Saturday, 28 November 2015 05:17

Untainted Family Lineage

Written by

Allah Ta’ala has mentioned in the Qur’aan Kareem:

لَقَدۡ جَآءَکُمۡ رَسُوۡلٌ مِّنۡ اَنۡفَسِکُمۡ

“Verily a messenger has come to you from the best amongst yourselves….” 

Hazrat Anas (radhiyallahu ‘anhu) reports that Rasulullah (sallallahu ‘alaihi wasallam) recited the above verse with a Fat-hah on the فاء of the word أنفسكم. In other words, verily a prophet of Allah has come to you from amongst the most superior, noble and virtuous of you (your tribes). After reciting this verse, Rasulullah (sallallahu ‘alaihi wasallam) said, “I am the most noble and superior of you in family lineage. From the time of Aadam (‘alaihis salaam) right up to me, there was no adultery. All of our ancestors were born in wedlock.”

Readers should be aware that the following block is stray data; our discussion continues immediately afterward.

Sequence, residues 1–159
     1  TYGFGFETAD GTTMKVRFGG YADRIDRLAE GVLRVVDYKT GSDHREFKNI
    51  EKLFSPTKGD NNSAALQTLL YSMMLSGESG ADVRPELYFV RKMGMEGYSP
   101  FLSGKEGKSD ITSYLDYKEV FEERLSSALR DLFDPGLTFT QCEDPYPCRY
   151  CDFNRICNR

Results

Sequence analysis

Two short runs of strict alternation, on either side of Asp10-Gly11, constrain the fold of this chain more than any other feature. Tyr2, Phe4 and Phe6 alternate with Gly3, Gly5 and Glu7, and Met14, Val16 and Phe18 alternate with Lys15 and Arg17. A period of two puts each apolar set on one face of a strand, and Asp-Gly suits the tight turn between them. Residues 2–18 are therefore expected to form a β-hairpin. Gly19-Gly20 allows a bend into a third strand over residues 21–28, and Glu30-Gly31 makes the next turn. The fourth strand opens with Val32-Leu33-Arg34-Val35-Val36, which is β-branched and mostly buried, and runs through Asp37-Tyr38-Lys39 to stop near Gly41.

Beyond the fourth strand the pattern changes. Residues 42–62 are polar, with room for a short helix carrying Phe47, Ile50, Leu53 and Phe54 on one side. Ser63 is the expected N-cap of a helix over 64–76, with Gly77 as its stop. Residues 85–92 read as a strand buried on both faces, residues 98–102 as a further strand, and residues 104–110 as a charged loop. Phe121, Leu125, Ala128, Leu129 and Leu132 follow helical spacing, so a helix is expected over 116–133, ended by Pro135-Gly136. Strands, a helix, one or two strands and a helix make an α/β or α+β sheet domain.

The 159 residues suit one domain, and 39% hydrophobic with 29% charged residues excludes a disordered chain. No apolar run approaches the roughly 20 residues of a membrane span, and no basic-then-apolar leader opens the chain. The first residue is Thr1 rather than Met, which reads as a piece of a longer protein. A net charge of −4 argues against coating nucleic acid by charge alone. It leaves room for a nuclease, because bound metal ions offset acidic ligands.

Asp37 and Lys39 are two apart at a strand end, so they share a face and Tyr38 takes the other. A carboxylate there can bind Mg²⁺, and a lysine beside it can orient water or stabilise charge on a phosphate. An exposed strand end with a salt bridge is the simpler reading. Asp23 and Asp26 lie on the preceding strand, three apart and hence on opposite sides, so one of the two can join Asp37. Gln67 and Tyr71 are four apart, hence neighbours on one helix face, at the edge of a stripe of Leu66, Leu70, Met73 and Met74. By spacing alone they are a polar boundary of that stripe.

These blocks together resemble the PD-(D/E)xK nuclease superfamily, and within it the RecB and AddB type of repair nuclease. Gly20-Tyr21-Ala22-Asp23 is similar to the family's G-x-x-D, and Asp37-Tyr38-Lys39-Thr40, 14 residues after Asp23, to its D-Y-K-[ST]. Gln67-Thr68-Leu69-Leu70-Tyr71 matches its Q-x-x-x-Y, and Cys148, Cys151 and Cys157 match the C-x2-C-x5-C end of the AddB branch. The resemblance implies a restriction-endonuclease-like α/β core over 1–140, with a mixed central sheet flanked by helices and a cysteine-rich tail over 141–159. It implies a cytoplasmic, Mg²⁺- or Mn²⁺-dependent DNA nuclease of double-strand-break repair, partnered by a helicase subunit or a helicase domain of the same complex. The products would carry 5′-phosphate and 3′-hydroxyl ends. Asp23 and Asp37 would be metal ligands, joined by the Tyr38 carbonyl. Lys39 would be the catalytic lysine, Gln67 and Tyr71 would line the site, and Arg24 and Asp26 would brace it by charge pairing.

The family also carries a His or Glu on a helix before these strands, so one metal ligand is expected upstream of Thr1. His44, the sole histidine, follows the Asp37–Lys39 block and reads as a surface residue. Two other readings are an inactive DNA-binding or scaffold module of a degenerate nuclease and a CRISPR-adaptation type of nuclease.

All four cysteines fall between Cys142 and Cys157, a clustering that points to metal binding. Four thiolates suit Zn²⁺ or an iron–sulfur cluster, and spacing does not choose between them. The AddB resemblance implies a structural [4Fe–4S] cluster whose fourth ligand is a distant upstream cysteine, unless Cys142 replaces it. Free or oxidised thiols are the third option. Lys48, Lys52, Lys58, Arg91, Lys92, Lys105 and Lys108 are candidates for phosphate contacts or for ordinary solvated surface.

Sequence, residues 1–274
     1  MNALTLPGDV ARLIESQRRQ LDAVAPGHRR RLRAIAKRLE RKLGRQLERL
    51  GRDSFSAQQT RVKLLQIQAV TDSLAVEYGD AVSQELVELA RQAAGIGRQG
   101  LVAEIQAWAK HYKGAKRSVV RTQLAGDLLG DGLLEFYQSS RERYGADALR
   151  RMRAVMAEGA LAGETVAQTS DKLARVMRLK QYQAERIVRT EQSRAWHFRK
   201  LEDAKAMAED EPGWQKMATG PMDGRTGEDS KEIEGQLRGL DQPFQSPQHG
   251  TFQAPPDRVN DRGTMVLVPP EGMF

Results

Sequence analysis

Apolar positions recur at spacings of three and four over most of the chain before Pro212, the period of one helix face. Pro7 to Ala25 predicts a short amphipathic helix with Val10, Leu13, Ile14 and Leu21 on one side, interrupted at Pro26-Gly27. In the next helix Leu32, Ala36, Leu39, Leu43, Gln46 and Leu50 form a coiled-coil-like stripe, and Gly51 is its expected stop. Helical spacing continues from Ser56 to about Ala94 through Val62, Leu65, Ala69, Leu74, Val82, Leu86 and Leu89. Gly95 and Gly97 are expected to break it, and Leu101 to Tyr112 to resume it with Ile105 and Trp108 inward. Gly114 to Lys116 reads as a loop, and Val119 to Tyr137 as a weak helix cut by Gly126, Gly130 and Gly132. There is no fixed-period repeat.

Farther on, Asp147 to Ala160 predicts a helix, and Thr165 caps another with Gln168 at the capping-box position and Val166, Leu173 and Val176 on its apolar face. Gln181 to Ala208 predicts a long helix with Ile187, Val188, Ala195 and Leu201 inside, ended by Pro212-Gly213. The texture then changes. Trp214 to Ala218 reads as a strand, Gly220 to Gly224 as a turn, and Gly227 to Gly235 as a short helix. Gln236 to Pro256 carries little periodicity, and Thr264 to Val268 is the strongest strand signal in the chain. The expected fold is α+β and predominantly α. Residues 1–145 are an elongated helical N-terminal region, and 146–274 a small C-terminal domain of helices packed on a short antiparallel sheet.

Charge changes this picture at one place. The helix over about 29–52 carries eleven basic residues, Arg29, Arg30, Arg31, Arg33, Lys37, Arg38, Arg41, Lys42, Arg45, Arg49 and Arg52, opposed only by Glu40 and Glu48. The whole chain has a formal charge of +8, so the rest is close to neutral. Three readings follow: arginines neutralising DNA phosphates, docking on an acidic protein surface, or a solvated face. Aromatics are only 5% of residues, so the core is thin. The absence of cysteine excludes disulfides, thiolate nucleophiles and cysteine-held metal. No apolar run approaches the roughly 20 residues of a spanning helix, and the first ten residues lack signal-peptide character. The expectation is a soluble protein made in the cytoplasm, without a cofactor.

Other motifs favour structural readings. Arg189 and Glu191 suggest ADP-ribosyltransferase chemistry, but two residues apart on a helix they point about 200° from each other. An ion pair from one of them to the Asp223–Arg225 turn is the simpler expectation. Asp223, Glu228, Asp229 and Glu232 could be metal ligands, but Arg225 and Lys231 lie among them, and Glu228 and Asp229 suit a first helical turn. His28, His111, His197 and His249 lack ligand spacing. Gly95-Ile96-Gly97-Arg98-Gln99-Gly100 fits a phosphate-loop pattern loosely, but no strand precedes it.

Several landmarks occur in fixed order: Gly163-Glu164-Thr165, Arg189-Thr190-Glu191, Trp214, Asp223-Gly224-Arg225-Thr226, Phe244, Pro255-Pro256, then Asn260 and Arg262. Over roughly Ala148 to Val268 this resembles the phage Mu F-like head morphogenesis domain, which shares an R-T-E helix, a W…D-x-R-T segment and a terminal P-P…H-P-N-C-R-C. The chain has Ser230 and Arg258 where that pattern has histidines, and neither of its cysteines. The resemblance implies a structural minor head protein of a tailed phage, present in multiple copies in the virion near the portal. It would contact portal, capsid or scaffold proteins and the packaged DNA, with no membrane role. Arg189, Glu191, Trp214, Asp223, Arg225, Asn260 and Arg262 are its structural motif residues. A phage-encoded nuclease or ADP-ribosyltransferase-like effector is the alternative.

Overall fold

Tuesday, 29 September 2015 04:27

Shamaail - Hadith 6

Written by

حدثني إبراهيم بن محمد من ولد علي بن أبي طالب قال : كان علي رضي الله عنه إذا وصف رسول الله صلى الله عليه وسلم قال : لم يكن رسول الله بالطويل الممغط ، ولا بالقصير المتردد ، وكان ربعة من القوم ، لم يكن بالجعد القطط ، ولا بالسبط ، كان جعدا رجلا ، ولم يكن بالمطهم ولا بالمكلثم ، وكان في وجهه تدوير أبيض مشرب ، أدعج العينين ، أهدب الأشفار ، جليل المشاش والكتد ، أجرد ذو مسربة ، شثن الكفين والقدمين ، إذا مشى تقلع كأنما ينحط في صبب ، وإذا التفت التفت معا ، بين كتفيه خاتم النبوة ، وهو خاتم النبيين ، أجود الناس صدرا ، وأصدق الناس لهجة ، وألينهم عريكة ، وأكرمهم عشرة ، من رآه بديهة هابه ، ومن خالطه معرفة أحبه ، يقول ناعته : لم أر قبله ولا بعده مثله صلى الله عليه وسلم.